The Dodgers are 40 games (16-24) into the 2018 season – a season that can so far be defined by lackluster performances across the board. The offense, defense, starting pitching, and relief pitching have all shown glimpses of their 2017 glory, but have otherwise been inconsistent and, unfortunately, mediocre. But what I’ve found is that there isn’t a component of this team that elicits a more contentious reaction than talking about the bullpen. So, first up in a series of early-season report cards, I’ll dive into ratings and analysis for the crew that sports MLB’s 22nd ranked ERA at 4.51.
The “High Achievers”:
Ross Stripling: A
I’ll admit, I’m as surprised as you are to be putting Ross so high on this list – but if we take a look at what he’s been able to accomplish this year as a reliever, he’s been leagues ahead of the rest of the staff. For one, in 15.1 innings this year his ERA is 0.59. For reference that’s the 4th best ERA for a qualified reliever in baseball. If you’re skeptical about solely using ERA to evaluate RPs (I am), he’s also leading Dodgers’ relievers with a 2.11 FIP (20th best in MLB).
He’s managed to strand 94.4% of baserunners, second only to Josh Fields – but he’s managed to do it with a more sustainable BABIP of .300. He’s also holding opposing hitters to a .214 average, and inducing soft contact more often than his counterparts. On top of his performance, he gives Doc the flexibility to go multiple innings or make spot starts, which has been immensely valuable given the number of Dodgers’ starters hitting the DL. Yes, we should expect some regression from Ross as the season progresses, in part because his stats are propped up by an unsustainable 0.00 HR/9, but given the Dodger’s BP struggles this year he has emerged as one of the few bright spots. For that, Ross deserves an A.
Josh Fields: B
It has been another consistent performance from Josh Fields in 2018, who has seemingly become a workhorse producer in the bullpen since his call-up last year. All in all, there are few outliers from what he’s delivered so far this year in comparison to what he managed in 57 innings for the Dodgers last season. He’s delivered a team best LOB% of 94.6, a 2.45 ERA, and he’s holding opposing hitters to a .206 BA through 18.1 innings.
He doesn’t walk many batters, has a strikeout rate of 22.9, and a WHIP of 1.04. As a pitcher he’s unfortunately been bitten by the same home run bug that’s plaguing many of the relievers on the staff, and is only inducing about half as many ground balls as last year, which may be cause for concern. Even further, his FIP is over 4 and BABIP of .224 may be due for some regression. Still, we should look forward to another solid season from Fields; so long as he manages to stay healthy he and Baez will likely anchor the bullpen from an IP perspective.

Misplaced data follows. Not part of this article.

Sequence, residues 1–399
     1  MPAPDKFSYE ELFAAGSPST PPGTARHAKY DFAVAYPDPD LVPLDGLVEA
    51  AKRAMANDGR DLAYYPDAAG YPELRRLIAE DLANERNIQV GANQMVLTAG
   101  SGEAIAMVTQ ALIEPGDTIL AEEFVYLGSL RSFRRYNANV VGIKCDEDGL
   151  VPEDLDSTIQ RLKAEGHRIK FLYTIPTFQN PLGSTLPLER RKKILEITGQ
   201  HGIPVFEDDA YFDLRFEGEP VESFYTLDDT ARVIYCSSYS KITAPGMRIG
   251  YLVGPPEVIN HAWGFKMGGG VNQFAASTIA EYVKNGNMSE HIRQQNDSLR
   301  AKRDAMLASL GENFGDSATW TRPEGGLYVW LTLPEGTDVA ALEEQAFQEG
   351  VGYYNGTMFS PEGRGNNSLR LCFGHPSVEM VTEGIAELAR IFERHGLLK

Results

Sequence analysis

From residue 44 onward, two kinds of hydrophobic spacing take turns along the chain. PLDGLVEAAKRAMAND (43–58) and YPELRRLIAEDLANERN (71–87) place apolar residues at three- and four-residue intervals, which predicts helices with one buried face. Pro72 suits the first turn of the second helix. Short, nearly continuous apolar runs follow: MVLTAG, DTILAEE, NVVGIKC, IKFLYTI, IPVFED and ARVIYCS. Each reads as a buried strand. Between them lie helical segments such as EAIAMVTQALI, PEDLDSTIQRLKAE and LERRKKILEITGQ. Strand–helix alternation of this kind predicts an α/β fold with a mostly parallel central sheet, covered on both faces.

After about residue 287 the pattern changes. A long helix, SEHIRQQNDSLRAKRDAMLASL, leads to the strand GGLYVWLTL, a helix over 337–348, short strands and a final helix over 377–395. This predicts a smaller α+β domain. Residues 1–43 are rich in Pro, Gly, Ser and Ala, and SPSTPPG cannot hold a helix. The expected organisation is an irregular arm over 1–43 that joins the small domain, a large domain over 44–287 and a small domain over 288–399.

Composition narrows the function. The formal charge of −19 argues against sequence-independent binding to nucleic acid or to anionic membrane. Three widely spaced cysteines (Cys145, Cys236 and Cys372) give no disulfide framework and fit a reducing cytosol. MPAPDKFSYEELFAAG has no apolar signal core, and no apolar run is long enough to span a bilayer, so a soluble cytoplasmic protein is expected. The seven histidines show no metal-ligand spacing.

The “Needs Improvement”:
JT Chargois: B-
Another somewhat pleasant surprise emerging from the bullpen – although after his most recent outing his stats aren’t quite as convincing – Chargois has managed to show a proclivity for high leverage situations and timely outs in his short Major League career. Considering before this year he had only thrown 23.0 innings in the Majors, I fully expected him to be a longer term project for Honeycutt and new bullpen coach Mark Prior. Instead, Roberts has used him at times to setup for Kenley Jansen or against the heart of the opposing team’s lineup.
He’s managed a healthy 11.9 K/9 (3rd behind Cingrani and Baez), the also team’s 3rd best left on base percentage 79.2%, and is holding opposing RH hitters to a meager .195 average. Before his last appearance, he had a 2.59 ERA and the team’s second lowest HR/9 rate – his ERA has since jumped to 4.40. So far it seems his biggest struggle has been command, having issued 10 walks in 14.1 innings. Still, I think the future is bright for Chargois. If he can continue to dominate RH hitters and continue to miss bats with his sinking four-seamer and exceptional slider, he will play a pivotal role in a charge for the postseason.
J.T. Chargois was the first reliever out of the Dodgers' bullpen yesterday. He threw a 1-2-3 inning, with two strikeouts, and averaged 95.5 mph on his fastball. Waiving him is one of the few head-scratcher moves the Falvey/Levine front office has made. Worth tracking all season.
— Aaron Gleeman (@AaronGleeman) March 30, 2018
Pedro Baez: B-
And so we arrive at Dave Roberts most frequently used reliever this year, who leads the bullpen in innings pitched thus far at 18.2. It’s already been a rollercoaster of a year for Pedro as he recaptured the setup role early in the season, and has subsequently been used earlier and for multiple innings in his most recent outings. His ERA is a laborious 3.86, he’s middle of the pack when it comes to LOB%, his walk rates and WHIP are up, and he’s struggled to get left handed hitters out.